Kuwait customs strike threatens oil shipments

Row over wages sees over 4,000 customs employees strike for a second day
Kuwait customs strike threatens oil shipments
Port employees plan to hold daily strikes for better wages and working conditions
By Bloomberg
Tue 11 Oct 2011 10:36 AM

Customs employees in Kuwait went on strike for a second day
and threatened to block oil exports in a protest over wages, a customs union
official said.

“Late yesterday, about six tankers needed permission to
leave the ports but it wasn’t given to them,” Fahad al-Ajmi, a union board
member, said in a telephone interview from Kuwait today. “We’re not going to
stop our strike until the Cabinet itself issues a statement supporting our
demands.”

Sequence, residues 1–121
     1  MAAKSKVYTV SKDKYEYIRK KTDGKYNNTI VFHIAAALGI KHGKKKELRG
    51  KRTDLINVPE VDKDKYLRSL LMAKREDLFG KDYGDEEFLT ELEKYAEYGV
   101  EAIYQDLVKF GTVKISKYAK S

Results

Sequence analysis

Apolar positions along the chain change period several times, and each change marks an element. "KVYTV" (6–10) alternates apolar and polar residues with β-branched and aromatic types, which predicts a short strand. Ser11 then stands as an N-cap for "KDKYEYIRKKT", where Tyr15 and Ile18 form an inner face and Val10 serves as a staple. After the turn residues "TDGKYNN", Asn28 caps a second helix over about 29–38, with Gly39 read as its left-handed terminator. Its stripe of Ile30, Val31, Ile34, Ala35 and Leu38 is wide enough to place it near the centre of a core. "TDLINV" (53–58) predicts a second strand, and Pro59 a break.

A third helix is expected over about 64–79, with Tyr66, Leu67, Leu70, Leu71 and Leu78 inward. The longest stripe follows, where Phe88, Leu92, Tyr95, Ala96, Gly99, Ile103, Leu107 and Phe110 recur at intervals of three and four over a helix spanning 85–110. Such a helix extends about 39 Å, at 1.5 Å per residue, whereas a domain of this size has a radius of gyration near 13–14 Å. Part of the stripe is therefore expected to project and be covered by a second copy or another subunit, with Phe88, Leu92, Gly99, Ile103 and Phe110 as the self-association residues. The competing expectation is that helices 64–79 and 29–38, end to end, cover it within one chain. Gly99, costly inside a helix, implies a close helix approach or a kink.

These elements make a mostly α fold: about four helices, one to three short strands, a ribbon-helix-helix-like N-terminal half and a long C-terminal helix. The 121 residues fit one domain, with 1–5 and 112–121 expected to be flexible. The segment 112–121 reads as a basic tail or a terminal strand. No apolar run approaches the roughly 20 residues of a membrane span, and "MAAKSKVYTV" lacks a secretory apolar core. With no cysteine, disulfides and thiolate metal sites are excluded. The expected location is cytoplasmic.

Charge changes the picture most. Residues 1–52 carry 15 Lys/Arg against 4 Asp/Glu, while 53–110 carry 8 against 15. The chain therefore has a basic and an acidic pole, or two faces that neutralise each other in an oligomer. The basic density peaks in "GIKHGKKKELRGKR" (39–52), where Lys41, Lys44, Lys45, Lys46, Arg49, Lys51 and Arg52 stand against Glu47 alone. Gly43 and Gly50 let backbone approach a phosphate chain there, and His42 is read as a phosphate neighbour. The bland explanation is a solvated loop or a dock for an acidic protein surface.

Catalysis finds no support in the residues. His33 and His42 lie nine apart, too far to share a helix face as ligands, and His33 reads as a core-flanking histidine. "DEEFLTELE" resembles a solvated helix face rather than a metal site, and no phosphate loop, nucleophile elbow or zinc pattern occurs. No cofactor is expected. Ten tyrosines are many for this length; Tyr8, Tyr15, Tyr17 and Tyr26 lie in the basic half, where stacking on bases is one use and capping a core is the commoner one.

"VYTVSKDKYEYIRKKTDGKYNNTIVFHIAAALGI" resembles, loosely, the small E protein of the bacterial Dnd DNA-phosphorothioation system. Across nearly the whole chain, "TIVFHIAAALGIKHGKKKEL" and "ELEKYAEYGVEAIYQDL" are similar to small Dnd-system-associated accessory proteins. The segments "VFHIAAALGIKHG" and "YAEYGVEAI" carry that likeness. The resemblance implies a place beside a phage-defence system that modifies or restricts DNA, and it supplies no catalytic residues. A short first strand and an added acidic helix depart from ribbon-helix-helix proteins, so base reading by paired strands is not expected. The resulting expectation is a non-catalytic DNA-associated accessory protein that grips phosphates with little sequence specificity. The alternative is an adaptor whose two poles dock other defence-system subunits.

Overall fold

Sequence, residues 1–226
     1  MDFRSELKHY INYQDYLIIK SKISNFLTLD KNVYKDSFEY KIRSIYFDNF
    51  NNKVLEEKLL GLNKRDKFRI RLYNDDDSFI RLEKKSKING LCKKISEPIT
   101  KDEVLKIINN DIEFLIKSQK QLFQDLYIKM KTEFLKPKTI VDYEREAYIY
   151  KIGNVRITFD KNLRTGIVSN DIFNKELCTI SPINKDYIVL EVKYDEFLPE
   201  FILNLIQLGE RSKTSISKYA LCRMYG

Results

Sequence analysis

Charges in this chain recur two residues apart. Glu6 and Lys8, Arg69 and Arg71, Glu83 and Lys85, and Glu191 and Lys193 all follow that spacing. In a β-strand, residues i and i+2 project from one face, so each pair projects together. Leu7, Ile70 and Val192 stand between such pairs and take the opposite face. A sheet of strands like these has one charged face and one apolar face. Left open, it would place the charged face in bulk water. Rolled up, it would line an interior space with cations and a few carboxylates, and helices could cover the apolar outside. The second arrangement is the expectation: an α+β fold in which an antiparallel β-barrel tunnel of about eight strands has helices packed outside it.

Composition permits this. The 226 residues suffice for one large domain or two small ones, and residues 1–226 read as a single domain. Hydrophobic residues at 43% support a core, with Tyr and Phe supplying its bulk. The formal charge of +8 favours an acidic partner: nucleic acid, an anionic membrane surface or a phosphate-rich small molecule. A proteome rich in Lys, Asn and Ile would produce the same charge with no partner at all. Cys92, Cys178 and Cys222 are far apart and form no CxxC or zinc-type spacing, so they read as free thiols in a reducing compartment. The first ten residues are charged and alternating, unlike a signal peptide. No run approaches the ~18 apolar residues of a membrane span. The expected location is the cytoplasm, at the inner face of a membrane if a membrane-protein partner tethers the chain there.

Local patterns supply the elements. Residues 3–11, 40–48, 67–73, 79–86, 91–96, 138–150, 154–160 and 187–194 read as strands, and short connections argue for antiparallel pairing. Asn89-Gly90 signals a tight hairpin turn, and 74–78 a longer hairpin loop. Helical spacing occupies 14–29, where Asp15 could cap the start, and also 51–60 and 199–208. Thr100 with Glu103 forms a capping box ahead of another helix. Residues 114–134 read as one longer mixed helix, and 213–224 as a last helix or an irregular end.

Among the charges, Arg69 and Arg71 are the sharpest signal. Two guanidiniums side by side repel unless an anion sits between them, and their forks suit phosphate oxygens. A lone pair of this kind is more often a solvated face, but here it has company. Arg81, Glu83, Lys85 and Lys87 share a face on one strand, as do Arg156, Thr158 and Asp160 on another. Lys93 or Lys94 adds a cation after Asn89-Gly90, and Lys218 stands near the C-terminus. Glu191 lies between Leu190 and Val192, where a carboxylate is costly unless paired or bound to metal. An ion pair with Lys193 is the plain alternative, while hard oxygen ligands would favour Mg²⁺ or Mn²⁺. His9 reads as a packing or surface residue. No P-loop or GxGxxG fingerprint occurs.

The strike, which involves at least 4,000 workers, has also
disrupted operations at the country’s main airport, sea ports and border
crossings, according to al-Ajmi.

Kuwait’s government “rejected” strikes and said demands by
state employees should be discussed through “calm dialogue,” the state news
agency KUNA reported today, citing government spokesman Ali al-Rashed. The
government set up a team to “take all necessary measures to run the country to
fill gaps caused by strikes,” KUNA said.

State-run Kuwait Petroleum Corp. said yesterday its business
has been operating normally.

“Arrangements are being made to get permission for tankers
to load and leave for the next three days,” KPC Chief Executive Officer Farouk
al-Zanki said in a phone interview. “There is nothing serious so far and operations
are normal, so far.”

Kuwait is the fifth-largest producer in the Organization of
Petroleum Exporting Countries and pumped 2.56 million barrels a day of crude
oil in September.

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